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Thoughts on The Office (2005) | Sam Debatin | Fri 05 Nov 2021 08:19:12 PM EDT You're probably thinking - wow, what a lame topic. Basic-ass show, The Office. And I would agree, but that's in part the point of this little piece (and by little I mean littttle, this could easily be a journal article with enough time and recklessness). I personally think the show is hilarious. Lukewarm takes aside, I find it interesting that so many people are so enthralled by the show, and that it has created such a niche for itself specifically among white suburbanites as the ultimate "comfort show." In my opinion, this has something to do with the way that the show essentially creates a little corporate utopia -- yes, there's conflict, but never more than "who is the real boss???" or "will Jim and Pam ever get together??" These conflicts serve as great plot devices for sure, but at the same time, there is a sense that whatever office environment these people are existing in is ultimately good. For many people, I get the feeling that this translates into a broader assumption about corporate workplaces. Perhaps it is possible to have a happy corporate life, they might assume. And maybe it is -- I write this not to drag the show for this quality, but instead because I find it fascinating and almost inspiring. I recently read Jose Munoz's Cruising Utopia, and have been thinking about the ways that he understands these microcosms as minor utopias. Maybe it is possible to have a beautiful quirkly little office, or at the very least, it's beautiful to think about.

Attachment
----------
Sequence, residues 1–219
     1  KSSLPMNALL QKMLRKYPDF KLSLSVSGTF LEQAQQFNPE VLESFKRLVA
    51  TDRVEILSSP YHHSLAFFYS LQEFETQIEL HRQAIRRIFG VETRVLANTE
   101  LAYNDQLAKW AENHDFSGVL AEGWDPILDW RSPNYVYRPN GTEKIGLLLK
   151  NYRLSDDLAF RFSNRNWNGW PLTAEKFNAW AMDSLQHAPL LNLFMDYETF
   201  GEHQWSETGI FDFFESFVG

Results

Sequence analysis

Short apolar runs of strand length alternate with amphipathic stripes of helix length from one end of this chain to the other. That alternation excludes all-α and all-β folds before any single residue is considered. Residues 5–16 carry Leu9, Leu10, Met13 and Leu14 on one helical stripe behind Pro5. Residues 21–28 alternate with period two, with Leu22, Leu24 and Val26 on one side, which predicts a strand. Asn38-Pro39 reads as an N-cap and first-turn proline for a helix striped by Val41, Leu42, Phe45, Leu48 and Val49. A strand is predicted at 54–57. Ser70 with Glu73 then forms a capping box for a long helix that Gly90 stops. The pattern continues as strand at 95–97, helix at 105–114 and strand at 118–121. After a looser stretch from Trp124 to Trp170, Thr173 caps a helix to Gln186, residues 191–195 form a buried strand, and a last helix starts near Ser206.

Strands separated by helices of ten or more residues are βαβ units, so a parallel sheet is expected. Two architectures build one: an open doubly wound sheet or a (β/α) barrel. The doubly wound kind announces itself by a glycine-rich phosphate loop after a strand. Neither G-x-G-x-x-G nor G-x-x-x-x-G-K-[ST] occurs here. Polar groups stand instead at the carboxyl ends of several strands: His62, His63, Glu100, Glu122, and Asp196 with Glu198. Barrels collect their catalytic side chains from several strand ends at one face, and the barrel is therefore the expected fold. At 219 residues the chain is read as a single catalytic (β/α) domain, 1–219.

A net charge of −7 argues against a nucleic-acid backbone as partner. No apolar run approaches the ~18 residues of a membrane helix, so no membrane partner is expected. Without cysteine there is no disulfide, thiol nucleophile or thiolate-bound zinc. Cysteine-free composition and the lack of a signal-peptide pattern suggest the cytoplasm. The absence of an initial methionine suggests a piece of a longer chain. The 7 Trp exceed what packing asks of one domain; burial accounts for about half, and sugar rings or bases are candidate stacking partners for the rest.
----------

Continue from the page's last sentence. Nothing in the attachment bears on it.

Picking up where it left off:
I'm already getting exhausted just thinking about the way that the more hardcore marxists might respond to this -- accusing me of endorsing media that spreads corporate lies and encourages people to keep their heads down and just romanticize their horrible working conditions rather than actively fight for change -- and I totally see that criticism. I think it's not entirely invalid either. Again, it's no surprise that the show seems to be especially popular with young suburbanites majoring in advanced management and office studies or something of the sort. But I also have no desire to write off media that brings joy to thousands of people, especially when it seems to be just as possible to read as a study in interpersonal relations and the ability to reconcile and build solidarity as an office.

TL;DR: don't come at me, I know the show is "problematic" probably, but maybe we can read something good in it too?